Gelfand & Castleberg Page 4
Marty: Getting Joan's voice down was relatively easy: she was a one-take wonder. However, finding the time to do it was another matter because Joan was traveling a lot. I made many train trips, carrying the equipment each time to her place to retake a cut here and there. Coordination tensions were eased - by food! Joan always had a nice meal for me, even if she was putting out fires in her busy life. For the re-records, I made a pop-filter out of a pair of pantyhose and a yogurt container to shield the mike from unwanted noise; it worked.

Now that her voice was down, I could go to work. I started blindly, with only the information of the poem itself and the sound of Joan's voice. I experimented with some of my instruments, but I quickly learned the potential of using prerecorded loops that came with my software package, along with other freeware I found here and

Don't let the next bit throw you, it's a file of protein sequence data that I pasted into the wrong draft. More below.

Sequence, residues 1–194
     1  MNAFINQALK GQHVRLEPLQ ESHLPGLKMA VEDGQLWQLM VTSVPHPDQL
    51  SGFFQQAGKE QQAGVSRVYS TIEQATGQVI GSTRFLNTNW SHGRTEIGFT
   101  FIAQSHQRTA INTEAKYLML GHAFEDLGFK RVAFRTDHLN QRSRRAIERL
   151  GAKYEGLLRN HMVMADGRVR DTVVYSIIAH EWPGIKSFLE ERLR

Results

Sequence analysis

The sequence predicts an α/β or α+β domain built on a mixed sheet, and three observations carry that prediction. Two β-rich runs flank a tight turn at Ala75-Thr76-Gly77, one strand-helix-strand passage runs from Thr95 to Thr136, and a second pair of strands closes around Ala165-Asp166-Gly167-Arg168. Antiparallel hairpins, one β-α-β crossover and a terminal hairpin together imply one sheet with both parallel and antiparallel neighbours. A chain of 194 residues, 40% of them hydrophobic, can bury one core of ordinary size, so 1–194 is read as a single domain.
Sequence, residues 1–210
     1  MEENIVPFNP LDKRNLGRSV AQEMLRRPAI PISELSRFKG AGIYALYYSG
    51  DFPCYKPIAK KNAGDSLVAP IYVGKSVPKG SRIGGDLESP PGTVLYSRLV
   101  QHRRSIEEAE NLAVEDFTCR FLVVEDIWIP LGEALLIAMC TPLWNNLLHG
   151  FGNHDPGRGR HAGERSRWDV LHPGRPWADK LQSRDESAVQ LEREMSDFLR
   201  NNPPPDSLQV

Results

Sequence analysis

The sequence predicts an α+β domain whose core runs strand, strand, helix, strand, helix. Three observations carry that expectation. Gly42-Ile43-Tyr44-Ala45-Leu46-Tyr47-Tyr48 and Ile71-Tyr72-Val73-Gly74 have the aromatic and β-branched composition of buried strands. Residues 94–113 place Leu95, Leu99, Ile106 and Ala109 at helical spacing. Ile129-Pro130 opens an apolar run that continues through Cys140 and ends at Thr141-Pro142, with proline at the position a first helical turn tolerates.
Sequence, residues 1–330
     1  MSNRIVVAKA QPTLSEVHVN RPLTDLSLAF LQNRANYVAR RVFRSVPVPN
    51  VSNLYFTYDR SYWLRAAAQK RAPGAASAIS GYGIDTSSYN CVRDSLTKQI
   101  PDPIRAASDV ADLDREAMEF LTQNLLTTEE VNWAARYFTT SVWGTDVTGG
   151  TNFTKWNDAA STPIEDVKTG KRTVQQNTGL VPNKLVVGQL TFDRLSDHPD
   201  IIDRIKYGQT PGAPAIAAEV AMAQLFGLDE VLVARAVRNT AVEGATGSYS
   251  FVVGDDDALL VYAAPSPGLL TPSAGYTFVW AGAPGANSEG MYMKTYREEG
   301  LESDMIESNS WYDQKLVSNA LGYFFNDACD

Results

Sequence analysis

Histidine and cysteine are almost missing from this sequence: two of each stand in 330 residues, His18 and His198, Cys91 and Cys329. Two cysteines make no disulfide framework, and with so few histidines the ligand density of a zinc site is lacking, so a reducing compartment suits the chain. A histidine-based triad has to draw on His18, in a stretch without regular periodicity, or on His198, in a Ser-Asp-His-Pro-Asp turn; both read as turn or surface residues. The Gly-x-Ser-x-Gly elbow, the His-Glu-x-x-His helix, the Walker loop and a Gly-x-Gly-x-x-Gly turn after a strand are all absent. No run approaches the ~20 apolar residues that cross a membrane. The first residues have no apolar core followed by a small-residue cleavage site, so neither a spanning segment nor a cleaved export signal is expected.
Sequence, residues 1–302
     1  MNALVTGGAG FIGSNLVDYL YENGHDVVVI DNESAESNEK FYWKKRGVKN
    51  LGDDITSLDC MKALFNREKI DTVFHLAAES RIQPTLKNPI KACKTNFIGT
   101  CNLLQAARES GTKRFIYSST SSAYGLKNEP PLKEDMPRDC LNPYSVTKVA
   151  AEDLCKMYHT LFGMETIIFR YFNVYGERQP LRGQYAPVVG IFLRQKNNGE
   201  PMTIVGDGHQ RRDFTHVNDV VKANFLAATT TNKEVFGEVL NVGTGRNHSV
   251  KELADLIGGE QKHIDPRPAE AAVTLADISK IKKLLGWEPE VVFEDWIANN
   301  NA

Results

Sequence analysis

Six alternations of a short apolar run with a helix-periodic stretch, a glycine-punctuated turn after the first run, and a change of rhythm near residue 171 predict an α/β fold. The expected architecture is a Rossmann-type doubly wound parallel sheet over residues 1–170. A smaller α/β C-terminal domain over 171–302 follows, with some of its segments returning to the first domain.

there. I even used wave files from BBC archives that I got from the public library. (They have a catalogue of sounds from all over the world, collected over decades.) I changed pitches, spliced pieces, added sounds, and even learned to simulate a cello with a keyboard to create the sounds I heard in the words. I then bought a hand-held recorder, which made every sound I picked up on the street a potential collaborator.

Joan: The re-records were rough for me. Other difficulties occurred when Marty had worked hard on a piece, thinking he was going down the right path, only to have me criticize it. Once the summer came, it was even harder to stay on track. This was where Marty really excelled. He was a fantastic project manager.